Tuesday, February 16, 2010

The Olympics, a few words...

In the spirit of athleticism, I spent most of the last four days on the couch watching the Olympics.  Too bad I had to go back to work.  Well, there was a break long enough for a trip to the theatre to see Up in the Air.

Thank God we got a gold medal.  I was sick of hearing that we had never won on home soil.  It was as if that was all the reporters could find to talk about.  The media kind of sucks, when you think about it.  The media pumps up medal hopes to a point of hysteria.  How is that fair to the athletes?  You would have thought that gold in the men's downhill and men's 500m speed skating were guaranteed.  Give it a rest.

And, a word to Brian Williams about math.  He suggested that Canada has gone 33 years (or so) without winning a gold.  That is stupid.  The Olympics have not been running continuously in Canada since 1976.

What else?  Dale Begg-Smith is a loser, a loser who made a fortune creating malware that might have infected your computer.  I have never seen someone so upset with a silver medal.  What a suck.  Stay in Australia.

More later.

Friday, February 12, 2010

Olympics: Opening Ceremonies

Boring, boring, boring.
Olympics: Opening Ceremonies

I wonder if Ashley MacIsaac is wearing underwear.
Olympics: Opening Ceremonies

The song sung by Nellie & Bryan is lame!  It sucks.
Olympics: Opening Ceremony: Anthem

Who the hell came up with this arrangement for the National Anthem?  I think it sucks.
Trip Recap, Part 5

Skipping ahead to Zurich, here's something you would never see in Toronto: a bar under a freeway.  It worked.  It's really difficult to explain why this worked and I am not sure how such a thing would be received in Toronto. I tried to imagine such a place under the  Gardiner, and I couldn't.

Thursday, February 11, 2010

A Look at my CD Collection, part 7: Aidan Baker, including ARC

Several years ago, I picked up a copy of ARC's Feral and was really impressed.  Later, I made sure that I checked them out when they played at C'est What? (on August 19th, 2003).  My CD collection contains:

ARC/Aidan Baker  -  Repercussion (Piehead Records 2002 Series – Volume 1) 
ARC  -  Feral
Aidan Baker  -  Concretion
Aidan Baker  -  Cicatrice
Aidan Baker  -  Within the Final Circle
Aidan Baker  -  Ichneumon
Aidan Baker  -  Tense Surfaces
Aidan Baker  -  Dance of Lonely Molecules

A couple of these were free downloads.  It's Thursday, but it really feels like Friday because I am taking tomorrow off and Monday is Family Day, so I am looking ahead to a four day weekend.  What I am trying to say is that I have not the energy to try to describe the music.  Also, I just got back from an hour of lunchtime yoga, and I feel all bendy and relaxed.  My fingers are not responding well to the task of typing.  But, here is a good review of Feral.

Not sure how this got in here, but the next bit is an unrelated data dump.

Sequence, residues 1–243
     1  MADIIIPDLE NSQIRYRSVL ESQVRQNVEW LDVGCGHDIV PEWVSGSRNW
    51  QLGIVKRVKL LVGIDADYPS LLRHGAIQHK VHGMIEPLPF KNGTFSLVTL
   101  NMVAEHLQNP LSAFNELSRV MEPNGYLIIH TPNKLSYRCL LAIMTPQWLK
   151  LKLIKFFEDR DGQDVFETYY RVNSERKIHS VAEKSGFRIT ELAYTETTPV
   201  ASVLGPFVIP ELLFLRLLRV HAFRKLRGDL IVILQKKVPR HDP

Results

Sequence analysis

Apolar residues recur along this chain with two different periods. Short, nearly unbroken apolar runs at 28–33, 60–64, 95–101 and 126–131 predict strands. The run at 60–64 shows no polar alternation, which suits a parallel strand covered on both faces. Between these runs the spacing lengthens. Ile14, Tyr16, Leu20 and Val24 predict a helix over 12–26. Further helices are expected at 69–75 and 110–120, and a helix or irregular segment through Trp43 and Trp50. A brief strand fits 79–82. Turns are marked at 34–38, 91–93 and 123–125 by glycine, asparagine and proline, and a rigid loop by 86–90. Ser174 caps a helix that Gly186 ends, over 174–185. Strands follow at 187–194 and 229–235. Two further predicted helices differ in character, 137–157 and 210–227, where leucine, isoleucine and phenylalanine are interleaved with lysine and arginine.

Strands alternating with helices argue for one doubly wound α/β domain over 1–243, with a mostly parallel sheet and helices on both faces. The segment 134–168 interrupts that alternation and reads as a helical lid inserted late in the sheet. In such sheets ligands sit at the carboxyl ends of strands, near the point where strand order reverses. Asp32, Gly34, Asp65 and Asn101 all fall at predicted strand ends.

Baker likes to use looping techniques on various instruments, notably the guitar, but also the flute, for example.  If you like this kind of treatment, you might like it, but this is not the kind of music you would sing along to or dance around the bedroom to while putting away laundry.  It's more complex than that.

Oddly, everyone I spoke to at the Ambient Ping that evening assumed that I was a musician.  I am not sure why.  Perhaps ARC is musicians' music or perhaps it's that musicians seem to have more of an open mind when it comes to music than your average iTunes shopper.  It really kills me, as I have often said, that people only want to buy a song or two from a CD.  I have always been an album man.  If there are only one or two good songs on an album, I wouldn't buy it.  I still listen to albums, rather than songs, but I do occasionally put the iPod on shuffle to see what kind of magic might happen.

Why, just yesterday as I was walking with the iPod, I heard European Son by the Velvet Underground followed by Bowie's Queen Bitch and then Bauhaus covering Bowie's Ziggy Stardust.  That was quite the playlist.  Sometimes, the shuffle seems to be possessed and every other song is from the same artist, which is odd.

Baker is a poet too, and has published a few volumes.  I am not familiar with his writing.  He has an extensive discography.  Check out his Wikipedia entry for those details.

Happy Friday and have a good weekend.

Monday, February 08, 2010

ZF's Perfect Frittata Recipe